Congressmen or Pirates? Choose Carefully, Me Hearties

April 29, 2009

For immediate release (683 words)

The brazen willingness of Washington to ratchet up national indebtedness to finance federal intervention in the economy has prompted some to liken its behavior to the plundering ways of pirates.

Recently, knowing that my casual interest in pirates had ramped up to real research while writing a libertarian-themed pirate novel, a friend at The Indiana Policy Review suggested I write an article directly comparing the fiscal policy antics of those in Washington, D.C. to the pirates of the past.

Of course, there is a vast difference between a band of 200 pirates floating on a short trip with a single goal — forcibly seizing booty and other property from unwilling victims — and a modern welfare state with elected leaders making policy decisions for a diverse polity of hundreds of millions of citizens. But comparing the popular concern about boundless discretionary authority exercised by our (elected) politicians to 17th-century pirates may hold a little more water than we might think at first. There is a connection in the need to hold officials accountable and create transparent governing rules.

As the economist Peter Leeson points out in his new book “The Invisible Hook,” the pirate community was largely honorable and transparent — at least to those living within it. Seventeenth-century pirates, in fact, were governed by strict rules that limited indiscretion by their leaders and crew members, and they were codified into Articles, or a Pirate Code (see example at left). These rules were designed to hold captains and other officers (e.g., quartermasters) strictly accountable for decisions that effected the crew, and to keep their leaders focused on a collectively determined and voluntarily agreed upon goal.

These codes created procedural transparency that made enforcement easy, and they included a healthy system of checks and balances to limit the potential for abuse. The crew could elect and depose a captain at any time except during a chase or in battle. They didn’t have to wait until the end of the trip, or vote only at the beginning of the trip. The goal was direct, quick accountability. Moreover, the codes covered all forms of conduct and behavior, including regulation of smoking, drinking and resolution of on-board disputes among crewmen.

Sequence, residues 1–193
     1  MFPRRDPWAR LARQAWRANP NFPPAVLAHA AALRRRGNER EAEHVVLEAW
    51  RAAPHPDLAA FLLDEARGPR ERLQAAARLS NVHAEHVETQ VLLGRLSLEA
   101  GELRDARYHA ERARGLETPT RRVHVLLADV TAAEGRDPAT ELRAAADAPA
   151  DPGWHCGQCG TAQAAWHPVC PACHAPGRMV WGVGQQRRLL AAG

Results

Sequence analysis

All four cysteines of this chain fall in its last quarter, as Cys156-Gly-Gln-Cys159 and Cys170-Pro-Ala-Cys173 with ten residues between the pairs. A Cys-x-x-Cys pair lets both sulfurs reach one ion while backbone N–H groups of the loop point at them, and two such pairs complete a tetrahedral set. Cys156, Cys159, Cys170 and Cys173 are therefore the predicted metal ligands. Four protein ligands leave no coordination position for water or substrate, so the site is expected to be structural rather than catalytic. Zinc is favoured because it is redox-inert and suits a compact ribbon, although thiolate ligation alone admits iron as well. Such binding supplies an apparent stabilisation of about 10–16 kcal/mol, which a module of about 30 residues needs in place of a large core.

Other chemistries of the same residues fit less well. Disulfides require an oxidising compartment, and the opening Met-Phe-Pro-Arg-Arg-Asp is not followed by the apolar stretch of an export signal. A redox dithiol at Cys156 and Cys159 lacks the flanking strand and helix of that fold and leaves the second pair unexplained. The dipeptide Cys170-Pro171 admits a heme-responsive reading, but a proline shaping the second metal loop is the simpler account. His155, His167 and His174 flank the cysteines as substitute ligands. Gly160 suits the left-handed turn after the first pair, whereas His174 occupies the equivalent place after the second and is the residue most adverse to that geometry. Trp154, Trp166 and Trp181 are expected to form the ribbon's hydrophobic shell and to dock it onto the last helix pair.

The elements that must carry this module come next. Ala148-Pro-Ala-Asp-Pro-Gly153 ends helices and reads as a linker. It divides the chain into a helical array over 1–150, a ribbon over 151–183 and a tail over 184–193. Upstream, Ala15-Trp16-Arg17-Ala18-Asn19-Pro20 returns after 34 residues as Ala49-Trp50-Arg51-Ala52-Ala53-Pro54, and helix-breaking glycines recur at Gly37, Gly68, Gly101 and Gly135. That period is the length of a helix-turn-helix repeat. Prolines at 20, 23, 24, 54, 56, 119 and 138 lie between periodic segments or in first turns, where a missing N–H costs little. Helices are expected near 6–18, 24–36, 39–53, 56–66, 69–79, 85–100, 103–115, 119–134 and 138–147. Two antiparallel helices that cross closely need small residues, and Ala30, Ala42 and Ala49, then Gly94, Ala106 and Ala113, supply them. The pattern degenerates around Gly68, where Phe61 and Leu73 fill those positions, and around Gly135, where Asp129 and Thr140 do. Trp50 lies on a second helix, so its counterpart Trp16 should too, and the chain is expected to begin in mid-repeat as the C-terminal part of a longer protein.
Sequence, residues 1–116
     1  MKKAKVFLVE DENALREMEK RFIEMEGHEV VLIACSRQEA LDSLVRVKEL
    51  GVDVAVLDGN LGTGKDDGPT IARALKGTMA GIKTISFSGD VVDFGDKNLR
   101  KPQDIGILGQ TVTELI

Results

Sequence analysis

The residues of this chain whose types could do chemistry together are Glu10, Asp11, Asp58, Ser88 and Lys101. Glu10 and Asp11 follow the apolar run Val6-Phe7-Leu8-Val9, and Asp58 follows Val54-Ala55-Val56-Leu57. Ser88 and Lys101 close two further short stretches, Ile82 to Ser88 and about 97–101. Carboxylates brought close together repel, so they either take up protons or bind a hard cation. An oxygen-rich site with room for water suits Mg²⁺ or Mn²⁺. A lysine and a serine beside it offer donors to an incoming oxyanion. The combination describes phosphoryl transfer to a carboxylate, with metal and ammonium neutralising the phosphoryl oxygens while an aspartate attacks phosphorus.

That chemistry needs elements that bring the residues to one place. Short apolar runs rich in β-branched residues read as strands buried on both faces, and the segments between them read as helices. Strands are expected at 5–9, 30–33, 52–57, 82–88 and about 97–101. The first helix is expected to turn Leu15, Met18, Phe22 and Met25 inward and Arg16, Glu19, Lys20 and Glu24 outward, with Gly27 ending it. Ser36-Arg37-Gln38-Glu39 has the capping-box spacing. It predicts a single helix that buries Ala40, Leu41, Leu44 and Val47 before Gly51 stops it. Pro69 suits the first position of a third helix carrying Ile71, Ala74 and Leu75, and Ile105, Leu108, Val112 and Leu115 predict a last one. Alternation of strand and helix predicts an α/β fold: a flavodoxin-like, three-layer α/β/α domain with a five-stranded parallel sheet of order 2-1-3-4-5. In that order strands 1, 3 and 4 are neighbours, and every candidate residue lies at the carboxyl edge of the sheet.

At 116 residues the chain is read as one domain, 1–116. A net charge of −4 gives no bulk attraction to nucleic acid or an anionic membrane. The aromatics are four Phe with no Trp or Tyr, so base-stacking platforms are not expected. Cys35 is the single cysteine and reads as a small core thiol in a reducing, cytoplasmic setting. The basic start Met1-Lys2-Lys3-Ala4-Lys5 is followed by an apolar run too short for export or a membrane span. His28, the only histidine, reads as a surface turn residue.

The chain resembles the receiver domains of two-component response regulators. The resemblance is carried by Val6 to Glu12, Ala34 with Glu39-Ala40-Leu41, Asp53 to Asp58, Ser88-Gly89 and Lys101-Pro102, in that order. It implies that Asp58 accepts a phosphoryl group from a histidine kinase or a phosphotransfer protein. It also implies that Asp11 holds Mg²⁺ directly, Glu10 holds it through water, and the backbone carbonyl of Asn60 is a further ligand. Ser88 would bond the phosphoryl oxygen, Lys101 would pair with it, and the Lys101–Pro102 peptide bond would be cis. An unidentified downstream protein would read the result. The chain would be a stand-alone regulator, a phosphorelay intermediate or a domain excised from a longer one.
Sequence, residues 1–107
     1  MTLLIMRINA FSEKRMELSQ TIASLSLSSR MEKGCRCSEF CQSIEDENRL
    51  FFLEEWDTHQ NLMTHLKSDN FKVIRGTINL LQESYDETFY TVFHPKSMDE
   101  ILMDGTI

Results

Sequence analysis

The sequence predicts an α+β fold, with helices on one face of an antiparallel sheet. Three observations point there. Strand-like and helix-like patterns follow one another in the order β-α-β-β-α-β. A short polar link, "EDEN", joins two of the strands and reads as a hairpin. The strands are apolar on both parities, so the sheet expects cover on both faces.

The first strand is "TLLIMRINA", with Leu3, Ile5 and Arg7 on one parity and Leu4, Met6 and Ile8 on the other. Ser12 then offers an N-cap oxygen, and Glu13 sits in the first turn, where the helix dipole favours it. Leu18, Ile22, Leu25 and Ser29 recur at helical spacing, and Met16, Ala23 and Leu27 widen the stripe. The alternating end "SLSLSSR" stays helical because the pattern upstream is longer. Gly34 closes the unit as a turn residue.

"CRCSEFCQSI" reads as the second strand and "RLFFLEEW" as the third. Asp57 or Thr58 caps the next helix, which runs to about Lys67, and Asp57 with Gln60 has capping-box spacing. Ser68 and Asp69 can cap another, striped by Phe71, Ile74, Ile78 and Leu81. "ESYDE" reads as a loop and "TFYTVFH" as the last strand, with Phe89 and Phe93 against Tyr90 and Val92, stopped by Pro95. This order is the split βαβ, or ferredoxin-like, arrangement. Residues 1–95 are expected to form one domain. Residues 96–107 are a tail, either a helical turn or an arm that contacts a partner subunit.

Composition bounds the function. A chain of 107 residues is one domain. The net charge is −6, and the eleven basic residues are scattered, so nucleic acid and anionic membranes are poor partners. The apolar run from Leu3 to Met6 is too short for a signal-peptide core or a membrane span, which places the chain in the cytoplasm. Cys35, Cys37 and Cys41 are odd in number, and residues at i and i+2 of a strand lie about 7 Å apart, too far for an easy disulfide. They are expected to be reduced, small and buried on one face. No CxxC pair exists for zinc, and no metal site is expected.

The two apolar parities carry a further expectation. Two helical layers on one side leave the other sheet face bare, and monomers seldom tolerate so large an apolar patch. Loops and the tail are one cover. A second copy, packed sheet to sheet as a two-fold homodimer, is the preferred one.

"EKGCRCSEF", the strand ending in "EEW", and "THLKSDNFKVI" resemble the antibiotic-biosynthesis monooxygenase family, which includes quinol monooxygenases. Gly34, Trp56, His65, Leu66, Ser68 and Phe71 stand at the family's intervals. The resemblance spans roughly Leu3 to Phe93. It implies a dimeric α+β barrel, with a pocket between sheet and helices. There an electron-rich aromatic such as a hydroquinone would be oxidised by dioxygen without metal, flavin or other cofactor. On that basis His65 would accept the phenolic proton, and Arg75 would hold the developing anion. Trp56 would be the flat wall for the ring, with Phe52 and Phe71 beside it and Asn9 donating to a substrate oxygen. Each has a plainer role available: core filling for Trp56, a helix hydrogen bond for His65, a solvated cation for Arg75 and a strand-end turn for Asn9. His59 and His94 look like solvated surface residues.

As Leeson points out, pirate codes were consistently and strictly enforced; it was fairly common for captains to be replaced in mid-journey if the crew didn’t agree with their policies. One crew replaced its captain 17 times on one trip. Among the criminal pirate polity, there wasn’t much bait-and-switch. The consequences of adopting these tactics with members of their own community were dramatic and clearly spelled out in the Articles.

Contrast this certainty, transparency and accountability with what we see happening in Washington, D.C. over the bailout and stimulus money.

The Treasury Department is even thinking about exercising its option to purchase common shares of private firms as a way to secure managerial control. These tactics are not that far away from the ones used by 17th-century pirates to lure their hapless victims into a trap (e.g., lowering a peaceful nation’s flag and hoisting the Jolly Roger at the last minute).

In this case, it seems Washington is not only obscuring lines of accountability and diffusing transparency but treating the targets of regulation in the say way pirates treated victims outside their close-knit community.

Of course, the pirate analogy is limited. Despite the behind-the-scenes maneuvering that is driving current policy, our commitment to Democratic values and an open society creates more transparency than other forms of government.

This isn’t the 17th-century Caribbean. And of course pirates were . . . well, pirates. They forcibly extracted wealth and property from their victims with little regard to issues of equity, social justice or fairness outside their tight little band. The plunder we see now in Washington, D.C., may be plunder but it’s legal, and we have done it to ourselves.

That said, there still is a case to be made for the accountability, transparency and rules of governance demonstrated in the brigand codes and ship’s articles. They proved capable, after all, of limiting indiscretion and abuse — even among pirates.

Samuel R. Staley, Ph.D., an adjunct scholar of the Indiana Policy Review Foundation, is a nationally recognized expert on government reform and, pertinent to this essay, the author of “The Pirates of Panther Bay.”



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